“We won because the truth is on my side,” Braun said as teammates listened from the stands at the Brewers facility in Phoenix. He stood alone at a microphone at Milwaukee Brewers spring training camp in Arizona and told MLB (Major League Baseball) what it could do while in drug testing program process. Ryan
The very best legal advice possible supported Braun to win. The Associated Press had this as a report:
‘Braun detailed how the urine sample he provided on Oct. 1, the day the Brewers opened the playoffs, was not delivered to Federal Express until Oct. 3. Baseball’s drug agreement calls for samples to be delivered to FedEx on the same day they are collected.
And so, on Thursday night, the arbitrator with a Jedi’s name — Shyam Das — ruled in Braun’s favor. It’s the first time an appeal of this nature at the major-league level has been sustained. And it’s pretty simple as to why. No mind tricks were necessary. Perhaps Braun’s legal team could have fought the suspension in other ways, but they didn’t need to. Braun had MLB dead to rights on the rules.
No matter what the sample collector did with Braun’s urine — even if he kept it safe in a special urine-only refrigerator with deadbolt locks and a pee guard dog — it doesn’t matter. The rules say he had to express the sample to the testing facility on the same day, and he didn’t.’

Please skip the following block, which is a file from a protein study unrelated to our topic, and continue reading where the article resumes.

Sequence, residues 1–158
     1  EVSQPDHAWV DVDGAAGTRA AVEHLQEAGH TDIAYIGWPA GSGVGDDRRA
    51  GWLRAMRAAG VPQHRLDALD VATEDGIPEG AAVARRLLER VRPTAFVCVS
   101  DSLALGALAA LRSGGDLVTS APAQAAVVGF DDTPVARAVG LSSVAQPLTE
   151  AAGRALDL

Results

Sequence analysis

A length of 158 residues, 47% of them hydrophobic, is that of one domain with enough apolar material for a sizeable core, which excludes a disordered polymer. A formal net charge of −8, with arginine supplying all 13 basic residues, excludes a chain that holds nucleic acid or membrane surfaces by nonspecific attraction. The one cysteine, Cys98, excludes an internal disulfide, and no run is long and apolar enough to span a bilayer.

Braun has been privately telling Gaby Sanchez, the Marlins first baseman about the something wrong in drug testing. He told his friend and former University of Miami teammate that he was ‘wrongly accused’ over a positive drug test and said it to the public Friday.
“I am the victim of a process that completely broke down and failed,” Braun said one day after his 50-game suspension was overturned on appeal, calling it as the fatally flawed process.
Braun also showed his disappointment toward the fact in the judicial process– which put him as a part of a process where you’re 100 percent guilty until proven innocent and it’s the opposite of the American judicial system– and to the media which have leaked the inaccurate info.
“Despite the fact there have been many inaccurate, erroneous and completely fabricated stories regarding this issue, I’ve maintained the confidentiality of this process,” Braun said. “There’s never been a ‘personal medical issue,’ I’ve never had an STD many of the original stories reported by the original network have continued to live on and it’s sad that people continue to leak information that’s inaccurate.”
A 2011 National League Most Valuable player and the cornerstone of the Milwaukee Brewers’ franchise, tested positive for a performance-enhancing drug. In relation with the case, Ryan Braun, 28, is appealing to avoid a 50-game suspension, according to people familiar with the case. Today’s news of Braun’s positive drug test has put a black mark on his career and negatively affects the Jewish community as he identifies himself as Jewish and even said that he hopes to be a role model to Jewish youth. The drug use’s incident of Braun is a blow for the Brewers and a sport that seemed to put the worst of its steroid era behind it. Continue
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